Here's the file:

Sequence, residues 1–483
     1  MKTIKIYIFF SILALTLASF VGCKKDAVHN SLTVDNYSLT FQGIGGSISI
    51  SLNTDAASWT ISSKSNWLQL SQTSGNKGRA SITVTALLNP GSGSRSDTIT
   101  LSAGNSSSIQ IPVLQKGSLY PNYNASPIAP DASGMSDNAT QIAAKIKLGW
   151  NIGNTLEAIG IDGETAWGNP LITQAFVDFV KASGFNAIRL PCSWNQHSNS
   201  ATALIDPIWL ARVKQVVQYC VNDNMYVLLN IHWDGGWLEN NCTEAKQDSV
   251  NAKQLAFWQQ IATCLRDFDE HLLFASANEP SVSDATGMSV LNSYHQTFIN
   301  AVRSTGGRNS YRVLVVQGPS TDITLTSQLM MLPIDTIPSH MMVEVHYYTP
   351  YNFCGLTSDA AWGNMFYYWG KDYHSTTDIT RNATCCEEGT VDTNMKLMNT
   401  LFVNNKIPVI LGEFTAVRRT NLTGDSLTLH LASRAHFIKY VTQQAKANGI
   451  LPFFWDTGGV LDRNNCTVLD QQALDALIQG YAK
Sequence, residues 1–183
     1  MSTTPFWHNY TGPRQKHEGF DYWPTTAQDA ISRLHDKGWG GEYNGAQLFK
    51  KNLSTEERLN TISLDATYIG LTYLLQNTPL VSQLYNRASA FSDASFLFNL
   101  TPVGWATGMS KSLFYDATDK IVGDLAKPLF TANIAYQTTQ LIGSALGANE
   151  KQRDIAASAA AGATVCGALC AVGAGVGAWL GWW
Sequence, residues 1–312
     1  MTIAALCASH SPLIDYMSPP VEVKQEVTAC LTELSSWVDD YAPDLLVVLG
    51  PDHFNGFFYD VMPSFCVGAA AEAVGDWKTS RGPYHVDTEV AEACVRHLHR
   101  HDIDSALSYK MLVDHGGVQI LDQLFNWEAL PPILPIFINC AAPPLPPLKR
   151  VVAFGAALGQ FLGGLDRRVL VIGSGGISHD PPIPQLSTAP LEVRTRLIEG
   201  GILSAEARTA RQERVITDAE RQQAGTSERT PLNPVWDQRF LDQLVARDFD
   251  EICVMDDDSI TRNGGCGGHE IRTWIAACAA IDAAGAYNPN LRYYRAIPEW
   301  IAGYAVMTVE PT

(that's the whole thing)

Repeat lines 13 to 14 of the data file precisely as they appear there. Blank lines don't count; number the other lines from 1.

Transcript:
     1  MSTTPFWHNY TGPRQKHEGF DYWPTTAQDA ISRLHDKGWG GEYNGAQLFK
    51  KNLSTEERLN TISLDATYIG LTYLLQNTPL VSQLYNRASA FSDASFLFNL